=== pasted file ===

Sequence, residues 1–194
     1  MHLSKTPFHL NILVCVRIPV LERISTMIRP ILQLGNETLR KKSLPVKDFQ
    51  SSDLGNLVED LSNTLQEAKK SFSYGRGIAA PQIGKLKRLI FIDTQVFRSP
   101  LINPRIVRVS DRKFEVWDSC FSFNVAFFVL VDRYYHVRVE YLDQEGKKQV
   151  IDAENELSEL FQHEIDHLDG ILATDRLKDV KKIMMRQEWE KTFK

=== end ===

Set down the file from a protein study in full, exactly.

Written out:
Sequence, residues 1–194
     1  MHLSKTPFHL NILVCVRIPV LERISTMIRP ILQLGNETLR KKSLPVKDFQ
    51  SSDLGNLVED LSNTLQEAKK SFSYGRGIAA PQIGKLKRLI FIDTQVFRSP
   101  LINPRIVRVS DRKFEVWDSC FSFNVAFFVL VDRYYHVRVE YLDQEGKKQV
   151  IDAENELSEL FQHEIDHLDG ILATDRLKDV KKIMMRQEWE KTFK